by Carolyn Viens
Sheepscot Lake Association
In response to a recent editorial by John Glowa I felt compelled to reinforce to our community the fact-based research and data that support the concern by the Sheepscot Lake Association as well as many local residents regarding the opening of Sheepscot Dam and the waterway. This discussion and the presence of alewives and other migratory fish is not new to Sheepscot Lake. As many will recall, alewives and sea lampreys were present in the past due to IF&W opening the dam. As a result of the detrimental effect of these anadromous visitors becoming land locked due to low water levels, similar to the levels still experienced, the fishway was later closed in an effort to restore sport fishing and eliminate the phosphorous loading from dying fish. The local residents’ concern is not over anadromous fish restoration but rather the implications when those fish become landlocked, as was the case in the 60’s until the dam was closed.
I reference an article in The Town Line from September 2017 regarding Webber Pond and the impact of alewives. It was stated the trapped alewife added to the nutrient load at Webber and the pond “reached a saturation point” for which the alewives were as much a deficit as a benefit. According to this article, “alewife presence in the lake may have exceeded the tipping point in the lake. Specifically, the alewife count in 2010 was 83,905, and 2016 was estimated at 353,470. Charles Backenstose, Webber Pond Association Vice President, questioned how many alewives were too many. “Over population could affect water quality,” he suggested. It is believed that with the number of alewives entering the pond, they may be bringing in more nutrients to contribute to algae blooms than they are taking out in the fall.”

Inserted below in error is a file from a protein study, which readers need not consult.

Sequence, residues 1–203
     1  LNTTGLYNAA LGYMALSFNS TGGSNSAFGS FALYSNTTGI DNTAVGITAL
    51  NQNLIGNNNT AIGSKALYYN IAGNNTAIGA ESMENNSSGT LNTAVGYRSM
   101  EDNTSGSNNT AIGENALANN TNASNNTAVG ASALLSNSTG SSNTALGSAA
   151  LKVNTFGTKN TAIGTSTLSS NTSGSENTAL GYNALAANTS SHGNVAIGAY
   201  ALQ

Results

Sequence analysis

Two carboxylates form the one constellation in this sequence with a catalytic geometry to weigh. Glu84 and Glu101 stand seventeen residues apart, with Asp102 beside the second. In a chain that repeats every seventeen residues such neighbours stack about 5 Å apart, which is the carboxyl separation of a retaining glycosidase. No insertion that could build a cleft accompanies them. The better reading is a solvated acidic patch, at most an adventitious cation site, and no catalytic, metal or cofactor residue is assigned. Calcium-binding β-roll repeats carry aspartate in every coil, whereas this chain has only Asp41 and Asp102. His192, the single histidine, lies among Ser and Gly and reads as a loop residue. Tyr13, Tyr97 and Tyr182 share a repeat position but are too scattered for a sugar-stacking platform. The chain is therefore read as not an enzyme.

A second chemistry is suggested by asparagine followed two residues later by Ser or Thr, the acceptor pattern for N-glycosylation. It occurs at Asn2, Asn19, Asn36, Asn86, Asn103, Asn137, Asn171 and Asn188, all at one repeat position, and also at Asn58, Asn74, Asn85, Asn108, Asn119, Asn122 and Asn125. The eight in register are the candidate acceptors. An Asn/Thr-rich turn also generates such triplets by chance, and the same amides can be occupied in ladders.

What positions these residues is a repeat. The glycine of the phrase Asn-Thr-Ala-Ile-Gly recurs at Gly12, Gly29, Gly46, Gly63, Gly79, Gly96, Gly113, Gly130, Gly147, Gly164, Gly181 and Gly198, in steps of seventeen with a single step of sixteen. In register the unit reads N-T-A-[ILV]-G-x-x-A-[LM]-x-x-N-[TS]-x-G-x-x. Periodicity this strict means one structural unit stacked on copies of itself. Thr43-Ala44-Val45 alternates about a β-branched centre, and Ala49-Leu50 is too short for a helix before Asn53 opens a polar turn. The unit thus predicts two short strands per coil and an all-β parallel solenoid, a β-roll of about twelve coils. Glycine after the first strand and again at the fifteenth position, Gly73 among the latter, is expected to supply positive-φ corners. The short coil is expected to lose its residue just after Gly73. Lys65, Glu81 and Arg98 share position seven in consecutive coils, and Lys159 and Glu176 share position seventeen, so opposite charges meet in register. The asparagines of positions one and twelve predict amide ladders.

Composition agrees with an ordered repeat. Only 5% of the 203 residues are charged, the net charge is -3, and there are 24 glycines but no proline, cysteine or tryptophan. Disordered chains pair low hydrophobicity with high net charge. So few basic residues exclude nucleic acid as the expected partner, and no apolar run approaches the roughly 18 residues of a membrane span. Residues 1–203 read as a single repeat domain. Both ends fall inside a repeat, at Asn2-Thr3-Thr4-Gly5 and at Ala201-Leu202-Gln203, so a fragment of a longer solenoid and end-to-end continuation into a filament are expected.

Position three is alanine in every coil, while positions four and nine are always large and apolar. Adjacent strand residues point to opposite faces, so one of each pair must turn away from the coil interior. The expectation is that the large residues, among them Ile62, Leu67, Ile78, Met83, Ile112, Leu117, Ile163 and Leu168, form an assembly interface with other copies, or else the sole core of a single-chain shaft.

Over several years in the ‘60s, as mentioned earlier, Sheepscot suffered the effects of anadromous fishes in the lake. The resulting reduction of sport fishing catch and health of the fish caught during those times was noted by residents. One of the reasons thought to be have caused this was the increased presence of Thiamonase, which destroys Vitamin B-1 in fishes such as lake trout and salmon. It has been shown in studies by the USGS to affect the health of the offspring of lake trout and salmon feeding on large numbers of land locked and anadromous alewives who carry this toxic enzyme. The result is the death of those offspring soon after hatching. This may have contributed to the reduced catches experienced before the fishway was closed, however definitive research simply has not been done. The remedial action of closing the fishway during the spawning migrations took decades to show results but did slowly reduce the incidence of sickly fish and lamprey wounding to today’s healthy level.
The Sheepscot Lake Association regularly monitors lake water quality with world class equipment and certified data collectors in cooperation with the Maine Lake Stewards organization. The purpose of this activity is to establish a database by which we can detect early fluctuations before any situation escalates. This will help ensure any necessary action is identified through direct observation and implemented on a timely basis to protect the lake. Sheepscot Lake has excellent water quality and good sport fishing, and we are all working hard to protect the health of Sheepscot and everything that lives in and around the lake for future generations.
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